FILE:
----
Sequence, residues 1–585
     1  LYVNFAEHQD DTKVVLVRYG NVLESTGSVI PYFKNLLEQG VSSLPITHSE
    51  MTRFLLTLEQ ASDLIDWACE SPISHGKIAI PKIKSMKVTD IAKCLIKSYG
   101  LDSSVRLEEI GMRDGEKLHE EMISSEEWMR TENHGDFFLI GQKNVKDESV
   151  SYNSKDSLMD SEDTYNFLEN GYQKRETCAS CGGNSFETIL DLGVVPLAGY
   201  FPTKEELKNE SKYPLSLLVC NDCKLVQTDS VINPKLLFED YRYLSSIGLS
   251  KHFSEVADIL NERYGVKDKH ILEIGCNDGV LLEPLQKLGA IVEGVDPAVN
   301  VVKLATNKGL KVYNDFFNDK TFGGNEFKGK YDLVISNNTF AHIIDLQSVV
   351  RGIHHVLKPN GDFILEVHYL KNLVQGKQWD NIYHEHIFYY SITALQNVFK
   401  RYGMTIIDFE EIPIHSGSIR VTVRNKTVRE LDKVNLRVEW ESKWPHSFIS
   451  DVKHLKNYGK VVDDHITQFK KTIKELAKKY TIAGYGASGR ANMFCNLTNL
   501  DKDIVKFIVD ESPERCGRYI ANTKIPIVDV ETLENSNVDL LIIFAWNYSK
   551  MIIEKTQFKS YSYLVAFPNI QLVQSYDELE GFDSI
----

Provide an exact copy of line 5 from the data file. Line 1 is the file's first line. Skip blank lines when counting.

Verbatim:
   151  SYNSKDSLMD SEDTYNFLEN GYQKRETCAS CGGNSFETIL DLGVVPLAGY